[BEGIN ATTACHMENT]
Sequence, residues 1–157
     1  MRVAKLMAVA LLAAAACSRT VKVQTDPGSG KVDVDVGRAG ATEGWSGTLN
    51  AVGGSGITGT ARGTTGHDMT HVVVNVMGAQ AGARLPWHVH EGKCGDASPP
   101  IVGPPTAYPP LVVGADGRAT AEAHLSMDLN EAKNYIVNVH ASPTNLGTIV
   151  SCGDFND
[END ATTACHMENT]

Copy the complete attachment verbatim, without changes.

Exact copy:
Sequence, residues 1–157
     1  MRVAKLMAVA LLAAAACSRT VKVQTDPGSG KVDVDVGRAG ATEGWSGTLN
    51  AVGGSGITGT ARGTTGHDMT HVVVNVMGAQ AGARLPWHVH EGKCGDASPP
   101  IVGPPTAYPP LVVGADGRAT AEAHLSMDLN EAKNYIVNVH ASPTNLGTIV
   151  SCGDFND